Using the terminal is something inevitable for every Linux user. It is quite like a chatbox that allows you to talk to your machine. Using the terminal efficiently can reduce your workload a lot. To use the terminal with ease, every user must know a lot of the Linux terminal shortcuts. Utilizing the Linux terminal shortcuts is the key difference between a power Linux user and a regular user.
Just master the command line shortcuts; you will have such a comfortable feel with the terminal that you have never felt before. Stick to this post till the end to get a crystal clear concept about Linux terminal shortcuts.
Linux Terminal Shortcuts You Must Know
There are many shells available online. For Linux, the Bash is the most popular one. In this post, I am going to familiarize you guys with Bash shortcuts assuming that your computer has Bash as the command processor.
In other shells, maybe there are some differences in the shortcuts that you have to discover by yourself. For No more idle talks! Let us jump into the main portion of today’s post.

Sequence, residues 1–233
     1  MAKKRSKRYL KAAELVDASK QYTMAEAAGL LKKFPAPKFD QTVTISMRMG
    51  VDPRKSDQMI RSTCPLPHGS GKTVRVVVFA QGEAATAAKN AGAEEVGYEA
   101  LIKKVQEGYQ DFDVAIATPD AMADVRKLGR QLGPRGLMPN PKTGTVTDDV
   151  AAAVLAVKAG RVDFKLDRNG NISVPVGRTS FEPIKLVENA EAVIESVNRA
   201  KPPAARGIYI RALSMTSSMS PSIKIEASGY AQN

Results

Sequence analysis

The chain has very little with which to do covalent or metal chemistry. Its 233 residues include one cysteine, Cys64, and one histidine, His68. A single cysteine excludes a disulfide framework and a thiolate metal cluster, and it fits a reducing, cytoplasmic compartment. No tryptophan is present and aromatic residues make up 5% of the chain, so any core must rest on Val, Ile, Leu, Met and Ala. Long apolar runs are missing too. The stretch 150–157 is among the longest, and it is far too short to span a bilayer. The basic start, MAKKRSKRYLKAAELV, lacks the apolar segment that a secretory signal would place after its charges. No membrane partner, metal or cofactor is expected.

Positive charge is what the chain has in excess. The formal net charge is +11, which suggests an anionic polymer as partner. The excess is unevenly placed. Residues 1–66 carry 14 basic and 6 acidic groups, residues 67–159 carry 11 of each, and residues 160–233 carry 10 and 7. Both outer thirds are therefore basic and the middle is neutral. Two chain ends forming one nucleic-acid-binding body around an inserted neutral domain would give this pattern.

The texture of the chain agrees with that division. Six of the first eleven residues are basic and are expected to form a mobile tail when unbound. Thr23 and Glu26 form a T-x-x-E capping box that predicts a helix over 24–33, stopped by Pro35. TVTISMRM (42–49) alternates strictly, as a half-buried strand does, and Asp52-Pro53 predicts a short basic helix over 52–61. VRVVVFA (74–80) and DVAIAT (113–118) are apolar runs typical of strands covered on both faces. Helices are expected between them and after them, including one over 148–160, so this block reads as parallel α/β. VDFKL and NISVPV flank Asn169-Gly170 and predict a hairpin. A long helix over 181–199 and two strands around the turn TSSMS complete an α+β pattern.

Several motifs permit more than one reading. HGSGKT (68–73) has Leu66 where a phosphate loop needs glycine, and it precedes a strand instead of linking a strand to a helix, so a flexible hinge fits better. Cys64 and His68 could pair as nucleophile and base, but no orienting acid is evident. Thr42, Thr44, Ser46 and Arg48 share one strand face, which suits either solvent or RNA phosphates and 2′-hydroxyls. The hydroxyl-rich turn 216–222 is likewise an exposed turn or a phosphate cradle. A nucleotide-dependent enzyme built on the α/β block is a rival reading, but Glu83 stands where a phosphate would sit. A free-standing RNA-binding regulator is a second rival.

You are resting on the desktop. Or on any other screen, and suddenly you need to use the terminal. Searching for the terminal from the application menu is not something recommended. It kills your time and is monotonous as well.
Using the Ctrl+Alt+T combination opens a whole new terminal for you. It seems magical, isn’t it? No mouse click, no tedious search. Just three magical taps for a terminal.
The tab is the most used terminal shortcut in any Linux distro. While writing any command, sometimes you will see a suggestion provided by the terminal with a lighter color. By hitting the tab at that moment, you can have the whole suggested command written on the screen without actually writing it. Pretty cool, huh?